Those who have gazed upon an infographic have experienced the core of a methodology that is captivating business leaders. ‘Visuality’ isn’t new, but its innovative application to workplace environments is improving efficiency, productivity and safety. Managers who have incorporated its principles into their business call it the language of leadership.
A visual workplace embeds visual answers to critical questions as close as possible to the place they’re needed in any work environment. One example is posting a safety slogan where it’s relevant to the employee — say a reminder about safe forklift operation in the warehouse where this equipment is used or parked when idle.
In a workplace that serves the public, such as a government office or retail store, visual aids such as signs or labels with words and images can eliminate the need for workers to spend valuable time answering the same questions over and over.
These visual tools aim to speak for themselves, directing behavior without the need for conversation. They aim to overcome the information deficits that prevent employees from being able to do their jobs effectively.
“Visuality is a language,” according to Gwendolyn Galsworth, Ph.D., author and president-founder of Visual Thinking Inc. and the Visual-Lean Institute. “Visuals can be easily understood at a glance, eliminating the wasted downtime that had previously been spent searching, asking or waiting for information. This model can greatly improve… productivity, cost, quality, on-time delivery, inventory and equipment reliability,” Galsworth says on her website.
Galsworth comes from the world of lean manufacturing, which strives to improve workplace efficiency and productivity by eliminating time-wasting practices and processes. She sees her system as a complement to the lean model: One encourages employees to institute and maintain order in their work environments and the other stresses placing information where it’s useful.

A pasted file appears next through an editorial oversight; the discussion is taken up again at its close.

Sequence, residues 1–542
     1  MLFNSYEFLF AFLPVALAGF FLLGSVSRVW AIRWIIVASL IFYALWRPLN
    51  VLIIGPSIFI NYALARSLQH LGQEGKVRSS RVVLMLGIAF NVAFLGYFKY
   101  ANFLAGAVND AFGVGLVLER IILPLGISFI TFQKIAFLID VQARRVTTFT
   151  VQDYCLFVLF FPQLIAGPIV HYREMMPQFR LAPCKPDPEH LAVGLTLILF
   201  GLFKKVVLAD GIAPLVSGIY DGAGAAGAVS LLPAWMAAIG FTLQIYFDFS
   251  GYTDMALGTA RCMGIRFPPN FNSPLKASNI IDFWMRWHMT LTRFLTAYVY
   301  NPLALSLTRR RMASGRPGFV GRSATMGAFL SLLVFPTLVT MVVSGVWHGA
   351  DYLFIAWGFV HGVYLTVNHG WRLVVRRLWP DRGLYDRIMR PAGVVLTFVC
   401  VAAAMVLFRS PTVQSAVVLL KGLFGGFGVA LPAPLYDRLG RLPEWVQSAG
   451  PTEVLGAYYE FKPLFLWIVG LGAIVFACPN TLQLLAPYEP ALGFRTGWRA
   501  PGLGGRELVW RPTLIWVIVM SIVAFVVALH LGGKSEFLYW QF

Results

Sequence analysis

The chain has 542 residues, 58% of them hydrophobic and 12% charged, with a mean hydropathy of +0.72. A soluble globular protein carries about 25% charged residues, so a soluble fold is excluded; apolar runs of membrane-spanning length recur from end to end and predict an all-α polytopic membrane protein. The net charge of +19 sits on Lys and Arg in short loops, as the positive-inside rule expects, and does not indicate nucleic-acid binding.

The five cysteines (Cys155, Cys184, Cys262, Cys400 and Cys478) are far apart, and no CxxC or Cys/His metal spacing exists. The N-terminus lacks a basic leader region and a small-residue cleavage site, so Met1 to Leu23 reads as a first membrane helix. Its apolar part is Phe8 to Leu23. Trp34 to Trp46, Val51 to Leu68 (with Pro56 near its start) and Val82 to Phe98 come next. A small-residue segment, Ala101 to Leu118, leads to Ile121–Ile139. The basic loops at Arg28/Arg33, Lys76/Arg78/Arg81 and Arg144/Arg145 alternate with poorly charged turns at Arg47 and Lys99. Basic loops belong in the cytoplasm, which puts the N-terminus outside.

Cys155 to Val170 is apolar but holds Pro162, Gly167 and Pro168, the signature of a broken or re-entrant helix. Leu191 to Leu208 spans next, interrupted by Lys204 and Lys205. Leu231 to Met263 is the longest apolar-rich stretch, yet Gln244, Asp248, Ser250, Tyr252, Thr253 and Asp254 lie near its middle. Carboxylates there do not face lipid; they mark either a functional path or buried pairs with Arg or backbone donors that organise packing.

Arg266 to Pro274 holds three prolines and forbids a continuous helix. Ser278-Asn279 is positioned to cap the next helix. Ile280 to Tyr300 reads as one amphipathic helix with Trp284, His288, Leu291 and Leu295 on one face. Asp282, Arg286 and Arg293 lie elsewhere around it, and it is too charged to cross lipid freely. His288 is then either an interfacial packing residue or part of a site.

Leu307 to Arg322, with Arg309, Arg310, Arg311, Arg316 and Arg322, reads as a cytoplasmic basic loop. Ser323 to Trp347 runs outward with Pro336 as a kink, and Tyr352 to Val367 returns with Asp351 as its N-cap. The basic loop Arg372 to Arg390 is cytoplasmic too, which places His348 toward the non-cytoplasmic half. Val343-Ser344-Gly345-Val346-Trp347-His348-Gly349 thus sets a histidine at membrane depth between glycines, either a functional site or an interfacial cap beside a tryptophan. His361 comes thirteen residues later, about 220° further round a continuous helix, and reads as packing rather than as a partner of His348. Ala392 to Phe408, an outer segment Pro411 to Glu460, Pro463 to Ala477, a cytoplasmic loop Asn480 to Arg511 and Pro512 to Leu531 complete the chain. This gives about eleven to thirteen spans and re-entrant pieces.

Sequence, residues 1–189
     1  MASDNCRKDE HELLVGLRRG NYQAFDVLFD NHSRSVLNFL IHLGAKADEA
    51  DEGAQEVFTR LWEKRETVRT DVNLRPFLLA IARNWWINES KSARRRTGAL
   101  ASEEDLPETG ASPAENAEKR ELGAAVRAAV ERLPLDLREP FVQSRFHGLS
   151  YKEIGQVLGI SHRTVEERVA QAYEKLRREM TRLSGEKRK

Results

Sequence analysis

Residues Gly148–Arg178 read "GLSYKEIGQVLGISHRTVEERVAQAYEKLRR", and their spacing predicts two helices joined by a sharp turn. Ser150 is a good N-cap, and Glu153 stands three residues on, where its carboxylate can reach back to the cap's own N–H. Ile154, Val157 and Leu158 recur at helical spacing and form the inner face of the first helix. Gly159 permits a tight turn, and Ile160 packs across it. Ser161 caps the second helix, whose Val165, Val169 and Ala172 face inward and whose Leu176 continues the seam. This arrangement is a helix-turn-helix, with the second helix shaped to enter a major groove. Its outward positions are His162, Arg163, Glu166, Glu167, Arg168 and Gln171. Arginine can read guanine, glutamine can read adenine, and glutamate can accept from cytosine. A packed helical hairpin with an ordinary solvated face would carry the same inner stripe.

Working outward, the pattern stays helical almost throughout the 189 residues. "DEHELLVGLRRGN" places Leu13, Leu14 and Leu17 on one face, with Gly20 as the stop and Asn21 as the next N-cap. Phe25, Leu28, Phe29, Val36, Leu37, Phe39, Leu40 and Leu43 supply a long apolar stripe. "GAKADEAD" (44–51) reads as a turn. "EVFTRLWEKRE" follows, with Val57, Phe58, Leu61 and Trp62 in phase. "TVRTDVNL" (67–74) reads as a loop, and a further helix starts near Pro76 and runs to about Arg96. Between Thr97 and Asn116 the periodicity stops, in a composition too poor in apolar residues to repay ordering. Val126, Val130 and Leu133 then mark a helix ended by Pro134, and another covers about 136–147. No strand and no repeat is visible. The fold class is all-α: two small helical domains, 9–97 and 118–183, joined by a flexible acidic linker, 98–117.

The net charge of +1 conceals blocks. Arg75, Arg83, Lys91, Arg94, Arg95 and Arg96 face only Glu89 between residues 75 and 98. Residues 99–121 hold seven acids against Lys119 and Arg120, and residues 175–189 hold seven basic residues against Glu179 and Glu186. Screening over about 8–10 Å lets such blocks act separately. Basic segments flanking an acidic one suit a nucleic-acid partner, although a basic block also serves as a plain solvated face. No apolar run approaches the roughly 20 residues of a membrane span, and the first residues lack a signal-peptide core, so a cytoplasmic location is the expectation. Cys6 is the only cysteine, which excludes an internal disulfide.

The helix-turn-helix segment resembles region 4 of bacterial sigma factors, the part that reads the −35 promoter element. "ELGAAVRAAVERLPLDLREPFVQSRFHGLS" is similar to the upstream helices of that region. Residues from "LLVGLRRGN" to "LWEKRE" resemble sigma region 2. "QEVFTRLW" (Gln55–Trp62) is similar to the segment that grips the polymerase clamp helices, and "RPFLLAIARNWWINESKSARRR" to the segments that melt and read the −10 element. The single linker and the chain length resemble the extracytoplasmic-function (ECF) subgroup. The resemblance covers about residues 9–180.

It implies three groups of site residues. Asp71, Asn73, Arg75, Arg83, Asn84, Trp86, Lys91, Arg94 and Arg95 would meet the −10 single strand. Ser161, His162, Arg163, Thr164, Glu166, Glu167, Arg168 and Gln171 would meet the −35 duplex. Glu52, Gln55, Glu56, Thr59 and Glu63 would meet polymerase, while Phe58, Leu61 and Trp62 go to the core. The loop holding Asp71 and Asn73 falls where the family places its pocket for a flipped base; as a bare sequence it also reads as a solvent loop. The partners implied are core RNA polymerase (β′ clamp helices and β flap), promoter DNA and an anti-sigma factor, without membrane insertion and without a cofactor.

“Visuality … builds operational information into the physical work environment, enabling people and machines to work with greater precision because they are each increasingly self-regulating,” her website explains. “Lean … defines and directs the flow of work that visual spells out, dramatically reducing lead time and flow distance.”
Let’s Get Visual
Some concepts are easier to explain with a physical demonstration, and that’s just what the New Mexico Manufacturing Extension Partnership plans to do in a two-part seminar on the “visual workplace” and a follow-up site assessment April 26-27 in Albuquerque.
Galsworth will introduce participants to the idea in a seminar at Central New Mexico Community College’s Workforce Training Center and the next day lead them on a field trip to Desert Paper and Envelope — an Albuquerque paper and envelope maker — to offer tangible examples of how visual thinking can improve productivity in any setting, whether it’s an office, factory, hospital, retail store or library.
It’s appropriate that New Mexico MEP is sponsoring the event. MEP provides training and expertise in efficient production and administrative practices that help manufacturers create and retain jobs by becoming more competitive.
The two-day event, called “Visual Workplace, Visual Thinking,” is designed for company leaders, managers and supervisors of manufacturing and non-manufacturing companies. A one-day workshop option is available, but only those who attend the first day are eligible to attend the on-site visit to Desert Paper.
For information, call Ron Burke at 505-314-9121 or 505-681-8871; to register, complete an online registration form at http://newmexicomep.org/events/, or call Claudia at 505-314-9131. More information about New Mexico MEP is available at www.newmexicomep.org.
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